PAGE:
Last year, the current Lord Mayor sparked another political storm in Northern Ireland after he refused to present a certificate to a 14-year-old Army cadet during a Duke of Edinburgh awards ceremony. The Army cadets prepare young people for a career in the Armed Forces and the Duke of Edinburgh awards scheme was one established by the Queen's husband, His Royal Highness Prince Philip, the Duke of Edinburgh. The Award programme offers chances to participate in physical, mental and skills-based improvement programmes across the United Kingdom to young people aged between fourteen and twenty-four, regardless of ability or background. The Duke's award offers a huge range of such programmes and Mr O Donnghaile had handed out certificates to many participants, but refused to for the 14 year-old Army cadet. The backlash against the decision was strong, even from many Irish nationalist politicians. He also caused outrage amongst unionists and liberals when he became Lord Mayor of Belfast last year and insisted upon removing royal portraits from his parlour.

Speaking of his decision to step-down a few weeks early, the former Lord Mayor of Belfast, Jim Rodgers, a member of the centre-right Ulster Unionist Party, said, "It is definitely a snub... When I was Lord Mayor I met a wide range of people from both sides. I was criticised both publicly and privately for it — but I believe you have to lead to the city and you have to be above politics. Unfortunately this current Lord Mayor has been one of the most political that I can remember in more than 20 years in council." 


  1. I am not unsympathetic to any nation becoming an independent republic, without any connection to the royal family. Royalty is a concept that served us well for a long time, but no longer.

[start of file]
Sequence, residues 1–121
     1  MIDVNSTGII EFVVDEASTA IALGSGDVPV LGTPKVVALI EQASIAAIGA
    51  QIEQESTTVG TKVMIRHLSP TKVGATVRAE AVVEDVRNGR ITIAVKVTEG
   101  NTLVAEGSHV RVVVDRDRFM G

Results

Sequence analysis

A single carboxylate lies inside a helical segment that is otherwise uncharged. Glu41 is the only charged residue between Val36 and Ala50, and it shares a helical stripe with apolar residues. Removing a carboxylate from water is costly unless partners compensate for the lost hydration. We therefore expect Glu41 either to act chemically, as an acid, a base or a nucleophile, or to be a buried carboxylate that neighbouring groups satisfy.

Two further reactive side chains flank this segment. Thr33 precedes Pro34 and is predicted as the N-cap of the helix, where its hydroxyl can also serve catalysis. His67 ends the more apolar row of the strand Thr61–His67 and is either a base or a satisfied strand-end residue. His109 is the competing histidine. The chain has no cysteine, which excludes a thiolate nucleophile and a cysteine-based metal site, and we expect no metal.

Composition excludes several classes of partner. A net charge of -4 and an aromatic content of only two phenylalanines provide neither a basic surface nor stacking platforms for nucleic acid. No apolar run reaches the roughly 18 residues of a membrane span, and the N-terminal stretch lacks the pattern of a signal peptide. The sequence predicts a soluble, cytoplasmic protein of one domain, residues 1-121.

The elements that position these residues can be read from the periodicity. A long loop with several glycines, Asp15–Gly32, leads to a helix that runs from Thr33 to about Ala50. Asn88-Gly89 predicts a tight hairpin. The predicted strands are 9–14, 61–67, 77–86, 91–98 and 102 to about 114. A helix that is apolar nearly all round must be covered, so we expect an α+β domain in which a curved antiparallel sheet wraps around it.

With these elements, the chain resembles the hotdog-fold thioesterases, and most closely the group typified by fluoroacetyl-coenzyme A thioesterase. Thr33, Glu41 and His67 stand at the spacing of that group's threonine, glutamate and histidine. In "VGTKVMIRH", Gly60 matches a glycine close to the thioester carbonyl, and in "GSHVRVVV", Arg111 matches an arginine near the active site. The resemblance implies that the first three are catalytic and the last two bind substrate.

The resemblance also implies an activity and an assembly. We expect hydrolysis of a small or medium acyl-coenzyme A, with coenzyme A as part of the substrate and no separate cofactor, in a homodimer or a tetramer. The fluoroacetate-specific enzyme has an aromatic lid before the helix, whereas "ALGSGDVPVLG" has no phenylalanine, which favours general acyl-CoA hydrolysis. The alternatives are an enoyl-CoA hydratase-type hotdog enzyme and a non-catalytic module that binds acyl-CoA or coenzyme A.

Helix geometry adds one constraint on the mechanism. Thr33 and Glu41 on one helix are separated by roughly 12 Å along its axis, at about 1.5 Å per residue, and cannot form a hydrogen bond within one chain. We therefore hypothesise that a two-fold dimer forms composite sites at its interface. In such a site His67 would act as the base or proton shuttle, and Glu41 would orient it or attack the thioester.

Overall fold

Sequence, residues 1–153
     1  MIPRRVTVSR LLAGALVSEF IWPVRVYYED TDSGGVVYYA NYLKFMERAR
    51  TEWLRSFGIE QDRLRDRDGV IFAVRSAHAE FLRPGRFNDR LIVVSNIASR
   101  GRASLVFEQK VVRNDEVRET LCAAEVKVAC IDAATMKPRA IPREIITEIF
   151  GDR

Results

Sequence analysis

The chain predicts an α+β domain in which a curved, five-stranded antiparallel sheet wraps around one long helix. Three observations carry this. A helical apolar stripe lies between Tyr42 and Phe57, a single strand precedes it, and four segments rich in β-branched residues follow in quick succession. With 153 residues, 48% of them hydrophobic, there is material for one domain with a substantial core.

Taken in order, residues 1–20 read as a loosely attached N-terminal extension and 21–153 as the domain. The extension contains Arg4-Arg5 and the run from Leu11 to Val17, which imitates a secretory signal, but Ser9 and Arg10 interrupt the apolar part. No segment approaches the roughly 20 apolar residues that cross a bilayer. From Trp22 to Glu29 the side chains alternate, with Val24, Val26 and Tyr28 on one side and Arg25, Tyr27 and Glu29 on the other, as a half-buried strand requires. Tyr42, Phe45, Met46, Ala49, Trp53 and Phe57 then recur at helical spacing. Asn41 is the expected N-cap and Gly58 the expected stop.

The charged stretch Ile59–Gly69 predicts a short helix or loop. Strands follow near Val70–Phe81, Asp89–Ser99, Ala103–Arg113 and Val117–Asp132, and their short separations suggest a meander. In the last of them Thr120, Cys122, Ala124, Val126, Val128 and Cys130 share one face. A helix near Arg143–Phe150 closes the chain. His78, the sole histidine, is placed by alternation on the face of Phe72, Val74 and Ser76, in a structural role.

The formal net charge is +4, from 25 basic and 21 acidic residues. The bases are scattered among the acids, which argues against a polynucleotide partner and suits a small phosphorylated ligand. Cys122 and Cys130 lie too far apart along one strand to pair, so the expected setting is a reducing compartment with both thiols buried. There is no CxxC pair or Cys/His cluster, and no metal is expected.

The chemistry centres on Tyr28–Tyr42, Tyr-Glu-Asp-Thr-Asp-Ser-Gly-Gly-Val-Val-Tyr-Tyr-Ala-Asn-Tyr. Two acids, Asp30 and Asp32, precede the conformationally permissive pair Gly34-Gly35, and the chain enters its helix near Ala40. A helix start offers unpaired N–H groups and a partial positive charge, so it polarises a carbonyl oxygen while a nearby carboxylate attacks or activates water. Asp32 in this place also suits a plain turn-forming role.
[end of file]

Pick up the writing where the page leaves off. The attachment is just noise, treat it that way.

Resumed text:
But it is clear that many unionists would indeed be angry at Mr O Donnghaile's decision. It is juvenile in the extreme to throw a hissy fit given, as you say, the apolitical nature of the Lord Mayor's office. If he doesn't want to go meet the queen, he should quietly develop the flu on the morning of the ceremony and send his deputy instead.

    My sons used to throw hissy fits when they didn't get what they wanted. A 26 year old is still a boy.

  2. Great comment, Hels, although I'd have to respectfully disagree with your comment about royalty being of no further use. I think they are much more unifying than elected politicians, who tend to be divisive, and they exemplify lives of service offered to the Nation. Tonight, watching the Queen meet with survivors of the Aberfan disaster and listening to how much comfort they have and their families have taken from over a generation of royal support and involvement made me appreciate again what was shown so powerfully by the Duke and Duchess of Cambridge's Wedding last year - the power of Royalty to unite and inspire a country across a generational level, rather than simply an electoral one. As Burke said, logic should not be how we judge things like royalty, but by their emotional impact and value. That's my own opinion on it, anyway.

  3. The idea that the Mayor's office is an apolitical one is a nonsense. Niall Ó'Donnghaile remains a Sinn Féin member and Councilor as Gavin Robinson will remain a DUP member and councilor when he takes over the office.

  4. Hi Gareth,
    Hope all is going well. Just to let you know I replied to your emails so hope they make for a nice read when you're free sometime. :)
    Best wishes

  5. Indeed the Lord Mayor is nothing more than a spoiled little bou, I wonder how many times he has taken his ball home and refused to play. I can only assume that this is a paid position and I would bet that he has never refused to take a pay cheque, even though the account that the funds come from is probably subsidized by the British government purse. My initial reaction to this petulant clown's action was to cancel my vacation plans for a visit to Belfast, but I mellowed after reading the article above